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In late summer of 1901, Philadelphia's celebrity female journalist, pen-named Suzette, got off a train in Blackfoot, Montana. She was alone.
Dwarfed by the Montana prairie and sky, in the middle of an Indian reservation, Blackfoot was not much of a town. Suzette quickly arranged an overnight 50-mile journey northwest to a place along the Swiftcurrent River where a few dozen people lived in log cabins and white tents. Boosters of this village, called Altyn, liked to claim that it sat in the center of a natural amphitheater, "fringed with majestic forests of pine and surrounded by titanic mountains, rugged canyons and azure lakes, the whole country being a masterpiece of beauty and sublimity." For once the boosters weren't much exaggerating: the place is now part of Glacier National Park, not far from the stunning Many Glacier Hotel.
Suzette's arrival represented major news for Altyn, which had been born less than three years previously, when a strip of land was taken from the Blackfeet Indians and thrown open to mining. Altyn's prospectors believed that within a few years its destiny would be decided: "the richest and biggest camp on earth or nothing." A writer from Lippincott's Magazine could help alert the forces of capital to Altyn's glorious potential.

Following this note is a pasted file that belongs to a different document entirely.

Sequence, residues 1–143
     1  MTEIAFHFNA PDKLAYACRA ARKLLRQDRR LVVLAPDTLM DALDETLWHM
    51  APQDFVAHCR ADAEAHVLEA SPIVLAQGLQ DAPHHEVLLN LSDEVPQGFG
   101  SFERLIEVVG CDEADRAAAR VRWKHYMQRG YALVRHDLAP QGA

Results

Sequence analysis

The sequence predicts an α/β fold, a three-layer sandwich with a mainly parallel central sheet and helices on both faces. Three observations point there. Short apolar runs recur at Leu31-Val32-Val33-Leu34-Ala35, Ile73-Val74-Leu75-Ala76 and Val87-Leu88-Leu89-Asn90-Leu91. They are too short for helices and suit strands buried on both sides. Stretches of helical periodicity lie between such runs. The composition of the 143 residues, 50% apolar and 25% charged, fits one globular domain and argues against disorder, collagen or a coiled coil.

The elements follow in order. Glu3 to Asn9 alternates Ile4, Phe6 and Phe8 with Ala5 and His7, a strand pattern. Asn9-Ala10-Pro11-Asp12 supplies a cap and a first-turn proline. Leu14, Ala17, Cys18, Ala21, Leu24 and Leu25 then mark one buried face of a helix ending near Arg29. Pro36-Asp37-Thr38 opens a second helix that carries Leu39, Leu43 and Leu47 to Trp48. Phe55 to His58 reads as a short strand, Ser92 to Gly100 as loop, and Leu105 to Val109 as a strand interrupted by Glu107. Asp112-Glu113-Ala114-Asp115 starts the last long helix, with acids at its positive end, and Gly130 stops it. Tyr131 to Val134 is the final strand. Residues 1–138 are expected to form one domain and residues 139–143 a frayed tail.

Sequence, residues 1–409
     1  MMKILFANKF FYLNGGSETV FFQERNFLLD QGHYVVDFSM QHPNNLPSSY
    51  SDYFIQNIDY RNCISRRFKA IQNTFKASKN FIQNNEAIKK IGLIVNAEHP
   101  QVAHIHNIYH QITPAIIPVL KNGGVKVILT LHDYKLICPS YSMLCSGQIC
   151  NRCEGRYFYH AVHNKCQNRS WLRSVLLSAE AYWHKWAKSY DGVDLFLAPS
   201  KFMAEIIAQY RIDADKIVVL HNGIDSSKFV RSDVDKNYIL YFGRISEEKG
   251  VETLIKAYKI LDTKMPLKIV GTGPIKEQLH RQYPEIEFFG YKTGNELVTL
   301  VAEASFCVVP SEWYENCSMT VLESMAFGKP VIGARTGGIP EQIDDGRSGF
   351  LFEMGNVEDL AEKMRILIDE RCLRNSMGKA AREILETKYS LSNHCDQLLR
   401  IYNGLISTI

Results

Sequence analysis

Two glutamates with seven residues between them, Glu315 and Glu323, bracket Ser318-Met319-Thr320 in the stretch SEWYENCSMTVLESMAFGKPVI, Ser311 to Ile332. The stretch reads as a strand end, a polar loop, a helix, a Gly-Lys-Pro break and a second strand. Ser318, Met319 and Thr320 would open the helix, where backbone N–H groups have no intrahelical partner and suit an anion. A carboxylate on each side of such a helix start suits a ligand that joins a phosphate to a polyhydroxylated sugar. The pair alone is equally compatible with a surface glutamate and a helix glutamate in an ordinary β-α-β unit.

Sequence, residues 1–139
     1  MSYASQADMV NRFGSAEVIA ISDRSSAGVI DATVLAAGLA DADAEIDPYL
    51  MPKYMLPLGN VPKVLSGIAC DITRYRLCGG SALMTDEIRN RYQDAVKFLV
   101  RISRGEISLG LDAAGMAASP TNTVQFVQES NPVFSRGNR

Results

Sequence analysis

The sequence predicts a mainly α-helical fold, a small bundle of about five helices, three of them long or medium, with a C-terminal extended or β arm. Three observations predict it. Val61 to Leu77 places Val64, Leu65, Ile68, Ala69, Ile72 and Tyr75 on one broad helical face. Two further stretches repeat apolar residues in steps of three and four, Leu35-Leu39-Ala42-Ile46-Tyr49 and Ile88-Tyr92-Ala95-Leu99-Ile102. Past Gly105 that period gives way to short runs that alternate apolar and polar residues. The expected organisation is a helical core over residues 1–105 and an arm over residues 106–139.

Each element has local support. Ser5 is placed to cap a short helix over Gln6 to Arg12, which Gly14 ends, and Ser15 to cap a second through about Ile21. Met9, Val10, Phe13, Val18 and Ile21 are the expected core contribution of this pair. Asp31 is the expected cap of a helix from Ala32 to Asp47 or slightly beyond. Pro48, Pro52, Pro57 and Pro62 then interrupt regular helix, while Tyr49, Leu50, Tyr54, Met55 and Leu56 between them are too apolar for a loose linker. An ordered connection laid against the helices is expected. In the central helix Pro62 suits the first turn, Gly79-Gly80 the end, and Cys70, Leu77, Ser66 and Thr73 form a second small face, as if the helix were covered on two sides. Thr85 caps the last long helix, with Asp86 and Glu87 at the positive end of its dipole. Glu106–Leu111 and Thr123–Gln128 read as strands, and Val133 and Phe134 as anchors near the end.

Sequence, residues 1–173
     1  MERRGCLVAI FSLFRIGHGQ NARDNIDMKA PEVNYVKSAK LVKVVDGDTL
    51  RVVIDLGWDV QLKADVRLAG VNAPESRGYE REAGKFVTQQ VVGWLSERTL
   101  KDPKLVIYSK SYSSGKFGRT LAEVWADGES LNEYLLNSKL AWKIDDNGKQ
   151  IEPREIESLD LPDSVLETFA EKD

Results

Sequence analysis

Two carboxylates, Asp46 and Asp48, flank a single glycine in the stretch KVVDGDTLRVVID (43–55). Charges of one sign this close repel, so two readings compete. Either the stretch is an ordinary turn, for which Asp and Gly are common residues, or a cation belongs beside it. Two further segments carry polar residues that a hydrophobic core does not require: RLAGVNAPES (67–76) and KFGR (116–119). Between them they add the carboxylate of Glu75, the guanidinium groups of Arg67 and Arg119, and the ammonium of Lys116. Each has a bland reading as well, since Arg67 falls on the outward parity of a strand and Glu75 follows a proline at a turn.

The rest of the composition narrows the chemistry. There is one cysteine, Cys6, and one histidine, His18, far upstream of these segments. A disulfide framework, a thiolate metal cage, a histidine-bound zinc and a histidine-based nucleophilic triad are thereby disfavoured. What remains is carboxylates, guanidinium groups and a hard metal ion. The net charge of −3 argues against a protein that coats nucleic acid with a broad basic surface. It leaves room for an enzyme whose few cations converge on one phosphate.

What's more, in a rough-and-tumble camp filled mostly with males, the writer from Lippincott's was a gorgeous female. Possessed of an hourglass figure; long, thick, dark blonde hair often tied in a ponytail; sultry eyes; and a toothy, winning smile; Suzette was 30 years old, but looked far younger. The fact that she was unmarried, and unchaperoned, further heightened local attention.
Women were still a novelty in the newsgathering business. There were women writers—novelists, essayists, society columnists—but few who traveled the country in search of insight or adventure. Nellie Bly had been the first, just twelve years previously. Writing for a New York newspaper, Bly had gone on adventures culminating in a trip around the world (designed to make the circuit in less than 80 days, beating the record set by Jules Verne's fictional character). On that trip Bly, an unmarried 25-year-old, had been accompanied by her mother.
Suzette, on the other hand, simply bought a train ticket to Montana and once there hired an old horsepacker named McNeill. She told him she wanted to see some scenery, so he took her to Altyn and next perhaps they would go "across the summit to MacDonald Lake," noted a local newspaper. "The opinion of the boys is that Mack will keep going as the lady is quite attractive."
Who was this woman, and why had she come to this wilderness? Suzette's real name was Caroline Lockhart, and she'd been in journalism for about six years. In the aftermath of Nellie Bly's success, several major newspapers had hired women to write about feats of daring—"stunt girls," they were called. Lockhart had filled that role on the lurid Boston Post. Later she'd moved to the more staid Philadelphia Bulletin, where she'd turned from stunts to interviews and travel, covering the 1900 World's Fair in Paris. Now she was on a tour of the West. But in a fashion typical of her character, she refused to visit well-developed resorts. She wanted adventures: Indian reservations, remote mining camps, wilderness mountain trails.